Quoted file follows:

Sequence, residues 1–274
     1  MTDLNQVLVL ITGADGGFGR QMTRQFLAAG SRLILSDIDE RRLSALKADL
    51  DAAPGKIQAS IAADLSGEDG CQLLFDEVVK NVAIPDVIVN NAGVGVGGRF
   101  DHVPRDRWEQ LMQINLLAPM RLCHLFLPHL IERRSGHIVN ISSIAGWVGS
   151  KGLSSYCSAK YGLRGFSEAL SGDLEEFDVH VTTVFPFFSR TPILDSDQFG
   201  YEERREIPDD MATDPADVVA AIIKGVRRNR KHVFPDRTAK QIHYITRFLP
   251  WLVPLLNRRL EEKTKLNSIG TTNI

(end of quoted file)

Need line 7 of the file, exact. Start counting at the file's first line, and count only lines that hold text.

   251  WLVPLLNRRL EEKTKLNSIG TTNI